Nicolas Hieronimus (executive)

We’re going to take 1 or 2 questions in the room and then there are phone questions that are going to pop in. And…

Tom Sykes (analyst)

Yes. Tom Sykes from Deutsche Bank. I think your reported growth rate was 2.8% in Q4. And obviously, you have a high euro cost base and perhaps some unwinding of some FX hedges, so when you’re talking about perhaps the market being a bit more dynamic in China in H2 and whether that means a weighting of the growth rate in H1, H2 or not, is there any headwinds to margin in the first half of the year if China, in particular, is a little weak because of that?

Nicolas Hieronimus (executive)

No, it’s a good question. And indeed, the balance between first and second half this year will be different from the usual. Well, it’s been evolving across the years. But this year, the first half will be marked by 2 major elements. First, we’ll still — as I said, we’ll still have the comparative of the Travel Retail sell-ins of last year. And we’ll also have the inventory step-up of Aesop that is impacting the first part of the year, so the very beginning of the year. So this year, we’ll probably have a profit phasing that will be stronger on the second half than on the first half.

Christophe, I don’t know if you want to elaborate on this.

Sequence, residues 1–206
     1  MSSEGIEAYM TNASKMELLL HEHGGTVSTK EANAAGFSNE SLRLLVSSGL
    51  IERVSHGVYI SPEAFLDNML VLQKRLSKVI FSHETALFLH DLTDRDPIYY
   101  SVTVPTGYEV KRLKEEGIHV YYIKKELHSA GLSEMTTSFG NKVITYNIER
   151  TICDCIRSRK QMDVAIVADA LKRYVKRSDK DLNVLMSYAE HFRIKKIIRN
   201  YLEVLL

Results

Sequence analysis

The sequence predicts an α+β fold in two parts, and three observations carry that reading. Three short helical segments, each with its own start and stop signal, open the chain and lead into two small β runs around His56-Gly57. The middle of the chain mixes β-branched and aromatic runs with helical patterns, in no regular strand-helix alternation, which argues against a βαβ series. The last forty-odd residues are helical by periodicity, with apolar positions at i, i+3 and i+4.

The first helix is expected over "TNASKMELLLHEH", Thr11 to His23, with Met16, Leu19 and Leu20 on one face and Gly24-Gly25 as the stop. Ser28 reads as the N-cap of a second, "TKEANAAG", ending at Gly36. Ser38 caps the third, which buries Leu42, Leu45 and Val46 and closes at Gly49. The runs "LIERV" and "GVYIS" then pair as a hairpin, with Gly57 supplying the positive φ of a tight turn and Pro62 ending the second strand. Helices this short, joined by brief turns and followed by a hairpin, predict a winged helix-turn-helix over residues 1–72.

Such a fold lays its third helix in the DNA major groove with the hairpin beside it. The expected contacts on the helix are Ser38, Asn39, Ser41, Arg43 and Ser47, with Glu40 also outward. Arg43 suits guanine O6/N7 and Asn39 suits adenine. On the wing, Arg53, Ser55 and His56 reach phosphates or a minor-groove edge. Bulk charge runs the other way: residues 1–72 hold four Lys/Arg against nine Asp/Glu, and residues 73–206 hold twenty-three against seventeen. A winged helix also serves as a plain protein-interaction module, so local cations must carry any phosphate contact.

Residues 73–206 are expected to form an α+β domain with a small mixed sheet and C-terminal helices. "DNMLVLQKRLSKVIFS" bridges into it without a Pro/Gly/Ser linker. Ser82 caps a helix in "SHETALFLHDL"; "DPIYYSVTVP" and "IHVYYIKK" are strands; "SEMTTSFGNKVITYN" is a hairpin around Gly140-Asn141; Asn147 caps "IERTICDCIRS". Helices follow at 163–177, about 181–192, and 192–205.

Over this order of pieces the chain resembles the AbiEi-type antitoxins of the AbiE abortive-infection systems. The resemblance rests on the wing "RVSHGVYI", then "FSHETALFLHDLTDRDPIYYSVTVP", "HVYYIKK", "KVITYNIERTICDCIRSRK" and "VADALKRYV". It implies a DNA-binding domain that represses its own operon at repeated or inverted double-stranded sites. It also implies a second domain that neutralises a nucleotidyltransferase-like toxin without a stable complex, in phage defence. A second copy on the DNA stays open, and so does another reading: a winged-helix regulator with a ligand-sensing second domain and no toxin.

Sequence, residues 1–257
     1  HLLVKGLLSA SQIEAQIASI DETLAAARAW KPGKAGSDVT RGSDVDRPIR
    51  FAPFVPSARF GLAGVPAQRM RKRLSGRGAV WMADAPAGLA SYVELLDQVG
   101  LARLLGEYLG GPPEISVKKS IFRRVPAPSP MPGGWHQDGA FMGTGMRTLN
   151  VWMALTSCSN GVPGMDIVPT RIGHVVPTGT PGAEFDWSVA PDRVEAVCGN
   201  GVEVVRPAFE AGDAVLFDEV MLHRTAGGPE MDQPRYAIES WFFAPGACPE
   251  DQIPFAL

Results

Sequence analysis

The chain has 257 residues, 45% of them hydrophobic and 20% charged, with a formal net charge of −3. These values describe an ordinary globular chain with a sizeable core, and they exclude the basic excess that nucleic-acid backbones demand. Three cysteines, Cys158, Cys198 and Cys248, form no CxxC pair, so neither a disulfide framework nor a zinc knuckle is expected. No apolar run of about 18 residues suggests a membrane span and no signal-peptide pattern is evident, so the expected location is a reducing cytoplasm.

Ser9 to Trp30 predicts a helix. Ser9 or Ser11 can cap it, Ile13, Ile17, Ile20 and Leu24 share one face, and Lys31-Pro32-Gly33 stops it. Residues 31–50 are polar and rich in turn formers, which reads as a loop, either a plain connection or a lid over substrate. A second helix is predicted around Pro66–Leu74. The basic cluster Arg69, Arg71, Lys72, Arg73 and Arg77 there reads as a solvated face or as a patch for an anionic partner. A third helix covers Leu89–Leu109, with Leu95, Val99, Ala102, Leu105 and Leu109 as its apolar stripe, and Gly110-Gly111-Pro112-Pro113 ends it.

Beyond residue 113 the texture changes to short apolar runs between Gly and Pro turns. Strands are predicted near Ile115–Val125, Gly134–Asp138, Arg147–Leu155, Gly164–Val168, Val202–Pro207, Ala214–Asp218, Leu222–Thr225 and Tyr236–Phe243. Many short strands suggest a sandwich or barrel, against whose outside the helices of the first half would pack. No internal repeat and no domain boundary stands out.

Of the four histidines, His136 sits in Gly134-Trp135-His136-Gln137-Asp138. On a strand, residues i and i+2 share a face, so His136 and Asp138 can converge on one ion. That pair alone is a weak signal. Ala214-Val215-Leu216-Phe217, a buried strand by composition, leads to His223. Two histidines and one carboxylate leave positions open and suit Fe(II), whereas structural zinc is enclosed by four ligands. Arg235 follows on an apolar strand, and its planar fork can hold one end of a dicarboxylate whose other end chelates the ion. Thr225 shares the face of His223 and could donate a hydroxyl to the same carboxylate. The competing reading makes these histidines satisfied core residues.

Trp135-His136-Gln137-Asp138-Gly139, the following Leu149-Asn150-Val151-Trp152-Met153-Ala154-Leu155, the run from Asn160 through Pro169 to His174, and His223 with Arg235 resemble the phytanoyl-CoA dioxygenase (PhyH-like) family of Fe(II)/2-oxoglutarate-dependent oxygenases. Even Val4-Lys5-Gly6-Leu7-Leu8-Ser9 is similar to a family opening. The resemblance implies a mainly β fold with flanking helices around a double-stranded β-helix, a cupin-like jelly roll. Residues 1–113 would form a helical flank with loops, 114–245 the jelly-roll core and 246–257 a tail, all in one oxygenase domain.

Christophe Babule (executive)

Totally correct. So it will be usually — you know that already the profits usually on the H2 is higher. I think it will be — this gap will be even higher this year in 2024 because of the reasons that Nicolas was mentioning.

Tom Sykes (analyst)

Okay. And then just looking at China on a longer-term basis and the cost to serve of selling by Douyin or selling through counters in Tier 3, 4 cities compared to the cost to serve with daigou and selling to daigou through Travel Retail. Is there an ongoing higher cost to serve to grow customers in China with that?

Nicolas Hieronimus (executive)

Well, first of all, as I said, I think it’s a very important part of our performance in China, and I would say exceptional market shares, particularly in luxuries that we’ve always favored domestic markets over Travel Retail and daigou. And we’ve organized very well to make sure that we are not destroying any value through sales that were happening in the Travel Retail. So the new paradigm that’s been set up by the authorities is actually something we cherish and treasure because we’ll be selling products at the highest gross margin at the right consumers on the legitimate market in an even higher proportion. So that’s a very positive news.

And as it relates to the cost of doing business, we are very cautious about the way we spend our money, whether it’s on promotions. We cap our promotions on the big events. And as it relates to the different social networks, we’ve embarked on doing recently, and as always, we learned to master the system and to understand what are the recipes for success. We’ve had phenomenal acceleration in Douyin in 11.11, and we do it extremely cost consciously. So the destiny of our business in China will be to continue to improve its profitability, not the opposite.

Iain Simpson (analyst)

It’s Iain Simpson of Barclays. Just a question on derma. So you talked about how the sort of derma value share versus global market and how that compares in the categories where it’s most advanced. Could you give us some stats around sort of household penetration or number of customers who’ve switched from using a more mainstream face cream to using kind of dermocosmetics and how that looks in the most advanced countries versus global? I’m just trying to get a sense of the runway there.